Photo by Michelle Stocker, The Capital Times

The Wisconsin Hospital Association urged Gov. Tony Evers and legislative leaders to cooperate and quickly implement a new mitigation strategy to slow COVID-19 spread.

Evers and top Republicans are set to meet today.

WHA President Eric Borgerding suggested yesterday Evers and lawmakers consider a statewide mask policy and taking steps to affirm the authority of local governments to adopt their own restrictions. He also wrote a “chief priority” is addressing capacity issues at state hospitals, including the creation of more alternate care facilities.

Borgerding’s push comes amid a series of legal setbacks for the guv on the various steps his administration has taken to address the pandemic. Evers is also poised to extend his mask mandate into mid-January even as the state Supreme Court has been asked to strike down the existing order.

“Community spread of COVID-19 is the clear root cause of the crisis now gripping Wisconsin and striving for common ground and unified action to slow it down must be our top and immediate priority,” Borgerding urged.

An Evers spokeswoman said the guv was scheduled to meet today with Assembly Speaker Robin Vos, R-Rochester, and incoming Senate Majority Leader Devin LeMahieu, R-Oostburg.

Earlier this week, Evers sent the GOP leaders and their aides legislation to address COVID-19, and his staff had suggested a Friday meeting.

An Evers spokeswoman pointed to the guv’s statewide speech last week calling on citizens to take more steps to prevent the spread of COVID-19 and calling for additional measures in saying the guv supports the WHA’s call.

Vos said in a statement the issues the WHA raised don’t come as a surprise because he and his colleagues are in regular contact with the group and local hospitals.

“I agree with the Wisconsin Hospital Association that more must be done to slow the spread of the coronavirus,” Vos said. “Wisconsin needs more COVID testing, contact tracers and other solutions to help ease the strain on our healthcare facilities, decrease the rate of transmission and ultimately save lives.”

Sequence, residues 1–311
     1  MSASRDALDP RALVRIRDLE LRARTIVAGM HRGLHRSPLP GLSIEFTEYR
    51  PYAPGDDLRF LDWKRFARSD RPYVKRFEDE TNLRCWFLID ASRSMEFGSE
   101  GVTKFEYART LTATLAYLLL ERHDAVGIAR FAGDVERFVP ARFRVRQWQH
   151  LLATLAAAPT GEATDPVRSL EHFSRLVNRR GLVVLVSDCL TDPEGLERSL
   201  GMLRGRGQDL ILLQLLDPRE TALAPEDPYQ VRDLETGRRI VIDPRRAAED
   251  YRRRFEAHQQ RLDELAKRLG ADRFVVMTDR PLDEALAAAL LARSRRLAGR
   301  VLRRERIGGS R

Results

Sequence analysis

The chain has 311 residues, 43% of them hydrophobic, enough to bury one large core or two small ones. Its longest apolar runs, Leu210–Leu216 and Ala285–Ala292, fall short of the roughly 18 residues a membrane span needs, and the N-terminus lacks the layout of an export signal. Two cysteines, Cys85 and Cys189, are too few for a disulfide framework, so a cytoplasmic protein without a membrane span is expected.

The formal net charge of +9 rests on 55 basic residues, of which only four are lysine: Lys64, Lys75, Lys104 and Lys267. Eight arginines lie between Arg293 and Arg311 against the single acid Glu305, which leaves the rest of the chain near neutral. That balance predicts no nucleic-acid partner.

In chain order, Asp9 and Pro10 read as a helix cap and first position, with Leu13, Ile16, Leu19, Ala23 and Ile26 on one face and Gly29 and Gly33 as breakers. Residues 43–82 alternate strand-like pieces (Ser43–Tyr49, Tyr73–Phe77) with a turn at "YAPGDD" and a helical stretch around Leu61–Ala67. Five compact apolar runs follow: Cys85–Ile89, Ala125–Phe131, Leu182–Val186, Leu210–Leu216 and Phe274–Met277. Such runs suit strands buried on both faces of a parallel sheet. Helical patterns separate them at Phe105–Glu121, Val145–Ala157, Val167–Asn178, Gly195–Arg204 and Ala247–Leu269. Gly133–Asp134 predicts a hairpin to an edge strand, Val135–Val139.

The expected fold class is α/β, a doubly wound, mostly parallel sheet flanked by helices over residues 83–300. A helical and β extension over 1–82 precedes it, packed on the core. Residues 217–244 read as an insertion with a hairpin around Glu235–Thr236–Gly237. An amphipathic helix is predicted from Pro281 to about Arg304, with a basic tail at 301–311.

Borgerding also detailed the stress placed on the state’s hospitals by uncontrolled COVID-19 spread.

The latest WHA coronavirus update shows COVID-19 hospitalizations in Wisconsin at 2,217 patients.

The total number of patients is down from the WHA’s last count, which was a record at 2,277. Of those hospitalized, 428 are in intensive care, which is three fewer than the previous record report.

The Alternate Care Facility at State Fair Park is treating 17 coronavirus patients — five fewer than Wednesday. The West Allis field hospital, an overflow facility for hospitals statewide, has a capacity of over 500 patients.

“With few tools available right now to curb spread other than increasingly urgent public appeals, our COVID numbers are growing rapidly and predict, quite accurately so far, a health care crisis in Wisconsin that without significant, swift, and unified action will become a catastrophe,” Borgerding wrote in yesterday’s letter. “This is hard to fathom for many across the state, but for those fighting this ever-growing battle in our hospitals, the data simply illustrate the human tragedy playing out in front of them every day.”

He called on both Dem and GOP state leaders to:
*address the state’s urgent health care workforce shortage;
*provide critically needed financial and human resources to hospitals;
*maintain and expand testing capacity and contact tracing;
*and streamline Medicaid regulations that can pose a barrier to care.

“A crisis of this magnitude caused by a virus that is so clearly raging across all of Wisconsin demands a unified and substantial response,” Borgerding wrote. “Your joint leadership is critical to improve this situation, allowing everyone to get back to our way of life sooner.”

Read the letter:
http://www.wha.org/WHALetter-Elected-Leaders_COVID-11-18-20

Listen to a recent WisBusiness.com podcast with Borgerding:
https://www.wisbusiness.com/2020/wisbusiness-the-podcast-with-eric-borgerding-wisconsin-hospital-association-2/

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